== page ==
Lebanon's Central Bank Governor Riad Salameh said Tuesday that the demand for cash in Lebanon has more than doubled over the past seven years.
“Lebanon has been witnessing a higher demand for cash. In the last seven years this demand has almost doubled to reach the equivalent of around $3.3 billion by end-August 2016,” the governor told participants in the third Mint and Print conference organized by the Central Bank of Lebanon.
But the governor didn’t say if the demand for cash was mainly in foreign currency or Lebanese lira.
Salameh stressed that cash remains one of the last resources in times of financial crisis.
“Despite the restrictions imposed by many countries to reduce the use of cash so as to fight money laundering and tax evasion, cash remains a last resort in times of crisis such as the 2008 crisis, times of war, times of negative interest rates,” he added.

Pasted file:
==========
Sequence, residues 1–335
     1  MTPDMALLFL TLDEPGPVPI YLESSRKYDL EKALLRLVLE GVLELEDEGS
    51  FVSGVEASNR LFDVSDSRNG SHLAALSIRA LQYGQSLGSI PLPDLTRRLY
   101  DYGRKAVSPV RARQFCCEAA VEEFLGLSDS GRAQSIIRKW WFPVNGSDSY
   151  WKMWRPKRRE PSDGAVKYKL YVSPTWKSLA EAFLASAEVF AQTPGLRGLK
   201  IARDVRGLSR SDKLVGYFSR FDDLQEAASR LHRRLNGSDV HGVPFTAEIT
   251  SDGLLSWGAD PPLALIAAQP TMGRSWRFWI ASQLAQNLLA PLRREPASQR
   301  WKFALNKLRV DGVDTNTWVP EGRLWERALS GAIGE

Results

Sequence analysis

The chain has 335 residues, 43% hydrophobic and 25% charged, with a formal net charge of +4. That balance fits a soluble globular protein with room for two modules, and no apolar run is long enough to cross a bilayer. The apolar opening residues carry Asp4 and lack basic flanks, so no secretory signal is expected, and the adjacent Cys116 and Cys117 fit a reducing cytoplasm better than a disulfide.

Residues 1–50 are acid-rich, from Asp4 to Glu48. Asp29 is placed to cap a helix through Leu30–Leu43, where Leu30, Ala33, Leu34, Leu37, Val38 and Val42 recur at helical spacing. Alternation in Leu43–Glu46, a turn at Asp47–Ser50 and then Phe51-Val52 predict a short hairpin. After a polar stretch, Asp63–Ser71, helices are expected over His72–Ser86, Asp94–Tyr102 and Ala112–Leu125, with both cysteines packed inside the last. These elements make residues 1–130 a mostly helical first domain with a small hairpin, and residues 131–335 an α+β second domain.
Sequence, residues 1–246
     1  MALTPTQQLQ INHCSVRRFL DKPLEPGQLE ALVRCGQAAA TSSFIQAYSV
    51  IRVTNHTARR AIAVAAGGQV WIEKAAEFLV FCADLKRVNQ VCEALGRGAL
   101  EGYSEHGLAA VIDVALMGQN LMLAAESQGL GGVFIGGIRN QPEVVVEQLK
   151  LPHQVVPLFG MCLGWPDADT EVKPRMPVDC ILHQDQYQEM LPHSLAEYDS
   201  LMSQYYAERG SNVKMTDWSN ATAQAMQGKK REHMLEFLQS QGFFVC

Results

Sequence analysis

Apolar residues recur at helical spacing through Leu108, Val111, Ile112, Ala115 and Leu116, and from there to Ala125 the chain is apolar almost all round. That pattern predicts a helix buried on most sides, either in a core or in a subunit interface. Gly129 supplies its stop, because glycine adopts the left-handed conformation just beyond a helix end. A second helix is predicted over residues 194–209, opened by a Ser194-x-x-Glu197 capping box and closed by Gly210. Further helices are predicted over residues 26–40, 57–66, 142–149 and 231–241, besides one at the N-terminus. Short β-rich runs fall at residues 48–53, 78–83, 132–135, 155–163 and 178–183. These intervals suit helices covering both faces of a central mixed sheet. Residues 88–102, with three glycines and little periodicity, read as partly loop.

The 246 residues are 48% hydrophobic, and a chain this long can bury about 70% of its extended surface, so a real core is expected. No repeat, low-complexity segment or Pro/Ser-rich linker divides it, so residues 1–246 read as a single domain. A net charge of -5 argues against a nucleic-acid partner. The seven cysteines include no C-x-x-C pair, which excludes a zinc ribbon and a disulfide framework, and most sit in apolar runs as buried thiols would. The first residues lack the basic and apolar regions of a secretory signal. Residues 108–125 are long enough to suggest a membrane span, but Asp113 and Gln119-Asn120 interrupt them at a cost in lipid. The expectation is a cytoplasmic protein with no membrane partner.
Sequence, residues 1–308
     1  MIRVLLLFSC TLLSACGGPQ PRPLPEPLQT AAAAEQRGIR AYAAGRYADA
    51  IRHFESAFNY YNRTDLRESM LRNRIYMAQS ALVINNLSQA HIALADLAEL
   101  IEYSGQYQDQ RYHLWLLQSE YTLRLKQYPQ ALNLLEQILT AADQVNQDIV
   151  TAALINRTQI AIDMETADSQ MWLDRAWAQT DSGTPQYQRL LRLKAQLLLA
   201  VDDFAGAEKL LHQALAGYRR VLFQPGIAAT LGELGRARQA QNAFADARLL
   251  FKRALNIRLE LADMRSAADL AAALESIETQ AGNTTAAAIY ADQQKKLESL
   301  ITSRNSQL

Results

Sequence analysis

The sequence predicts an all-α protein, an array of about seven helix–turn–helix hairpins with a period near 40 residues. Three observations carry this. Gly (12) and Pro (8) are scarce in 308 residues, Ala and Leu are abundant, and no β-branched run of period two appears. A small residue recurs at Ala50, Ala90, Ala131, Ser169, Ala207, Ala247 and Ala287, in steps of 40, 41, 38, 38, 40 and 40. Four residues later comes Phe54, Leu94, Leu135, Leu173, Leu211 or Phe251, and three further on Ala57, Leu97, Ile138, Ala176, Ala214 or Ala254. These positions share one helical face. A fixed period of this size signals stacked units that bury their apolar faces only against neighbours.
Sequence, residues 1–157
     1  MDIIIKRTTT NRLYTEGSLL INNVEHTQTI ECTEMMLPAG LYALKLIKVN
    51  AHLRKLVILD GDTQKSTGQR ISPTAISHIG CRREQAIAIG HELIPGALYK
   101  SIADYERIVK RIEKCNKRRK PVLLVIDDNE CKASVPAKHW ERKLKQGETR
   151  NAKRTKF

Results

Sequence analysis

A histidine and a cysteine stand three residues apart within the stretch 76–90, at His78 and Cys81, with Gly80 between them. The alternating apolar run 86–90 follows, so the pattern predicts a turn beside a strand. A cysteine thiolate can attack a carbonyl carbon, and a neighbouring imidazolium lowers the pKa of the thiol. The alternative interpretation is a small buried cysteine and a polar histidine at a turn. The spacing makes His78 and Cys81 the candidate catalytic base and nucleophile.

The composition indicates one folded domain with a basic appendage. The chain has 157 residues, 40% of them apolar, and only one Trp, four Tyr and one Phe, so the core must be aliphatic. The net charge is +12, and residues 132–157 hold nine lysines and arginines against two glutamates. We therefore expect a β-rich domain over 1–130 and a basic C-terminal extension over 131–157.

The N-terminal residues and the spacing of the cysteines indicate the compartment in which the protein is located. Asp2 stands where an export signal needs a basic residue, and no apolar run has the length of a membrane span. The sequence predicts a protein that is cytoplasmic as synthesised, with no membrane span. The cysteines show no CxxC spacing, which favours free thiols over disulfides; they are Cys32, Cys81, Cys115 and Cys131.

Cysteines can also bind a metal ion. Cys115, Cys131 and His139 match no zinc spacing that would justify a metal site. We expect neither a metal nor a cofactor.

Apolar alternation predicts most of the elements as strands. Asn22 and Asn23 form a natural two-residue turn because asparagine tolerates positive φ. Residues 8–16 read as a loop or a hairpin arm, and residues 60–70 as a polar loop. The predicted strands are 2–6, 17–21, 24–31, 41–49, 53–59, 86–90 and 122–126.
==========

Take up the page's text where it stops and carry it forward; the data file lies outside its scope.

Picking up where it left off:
Nearly 30 percent of the assets of banks in Lebanon are in cash.
The Central Bank has also beefed up its foreign currency reserves to weather any possible financial crisis in the future. Bank Audi has estimated the Central Bank’s foreign currency at over $40 billion, the highest in the country’s history.
“[The Central Bank], like other central banks, is encouraging alternative payment systems. However, all central banks know the importance of cash for the economy. We also know that the seigniorage we derive from it is an important income for us,” Salameh said.
“This strong demand for currency all over the world has also been accompanied by new innovations launched by the industry in order to ensure better security features and higher durability,” he added.
Salameh said that cash has been an efficient and reliable means of payment for many decades, and the demand for cash has been increasing annually all over the world.
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